Pre-development is likely to be one of the longest stages of the cycle of real estate growth, because you want to schedule all your steps. Every issue you can raise and address, so you can handle it before you start constructing.
Comprehending the business
Like a farmer planting a seed, you want to make sure that you select fertile land to grow your “crop.” Different markets would work with different investment strategies-for example, for more stable but less attractive returns, you would want to invest in more expensive low-cap rates markets, for more risk and more returns, you might look at less expensive secondary or even tertiary areas.
Most of the time you want to target markets with strong population growth, a diverse employment base and a well-educated population. It is also a big advantage to be near to urban centers or economic centres.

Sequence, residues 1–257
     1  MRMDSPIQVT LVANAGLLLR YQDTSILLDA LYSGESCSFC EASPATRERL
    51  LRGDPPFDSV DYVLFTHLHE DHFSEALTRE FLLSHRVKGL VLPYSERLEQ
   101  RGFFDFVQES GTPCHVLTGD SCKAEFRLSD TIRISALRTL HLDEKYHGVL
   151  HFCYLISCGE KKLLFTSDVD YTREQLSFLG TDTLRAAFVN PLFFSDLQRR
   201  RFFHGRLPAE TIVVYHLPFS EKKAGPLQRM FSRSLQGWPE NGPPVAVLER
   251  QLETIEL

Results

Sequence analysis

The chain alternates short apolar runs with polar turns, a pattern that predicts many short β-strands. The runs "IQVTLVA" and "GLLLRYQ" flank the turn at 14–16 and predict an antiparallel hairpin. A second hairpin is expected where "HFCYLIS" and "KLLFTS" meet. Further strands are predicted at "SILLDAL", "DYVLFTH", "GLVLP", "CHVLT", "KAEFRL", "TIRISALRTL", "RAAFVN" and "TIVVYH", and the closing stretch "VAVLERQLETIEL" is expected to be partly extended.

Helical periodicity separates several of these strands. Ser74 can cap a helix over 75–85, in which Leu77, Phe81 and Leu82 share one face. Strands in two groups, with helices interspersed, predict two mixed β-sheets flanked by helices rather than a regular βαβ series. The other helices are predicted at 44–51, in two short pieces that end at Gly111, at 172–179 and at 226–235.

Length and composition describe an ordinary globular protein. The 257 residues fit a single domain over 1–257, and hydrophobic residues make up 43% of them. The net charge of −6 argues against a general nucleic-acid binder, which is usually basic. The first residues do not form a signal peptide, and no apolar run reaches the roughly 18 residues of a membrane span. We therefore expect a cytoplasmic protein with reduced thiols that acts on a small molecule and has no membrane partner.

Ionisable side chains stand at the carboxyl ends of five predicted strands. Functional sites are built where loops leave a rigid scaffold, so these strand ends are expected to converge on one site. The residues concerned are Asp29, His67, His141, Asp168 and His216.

Locating a Land
It’s time to find a property once you’ve moved to a market. Just as in residential property markets, digital listings are increasingly popular, with sites such as Loopnet, Costar, the major commercial real estate platforms providing retail, shopping, office, manufacturing, self-storage, and other types of property for sale.
That said, given the growing presence of digital media, much of the real estate industry is still face-to – face, and brokers can be great sources of off-market dealing. Your third option is to reach out to commercial property owners to see if they are willing to sell within your designated market. This approach takes a bit more effort, but due to the potential to scoop up a property before other investors get a chance to bid on it can be very rewarding.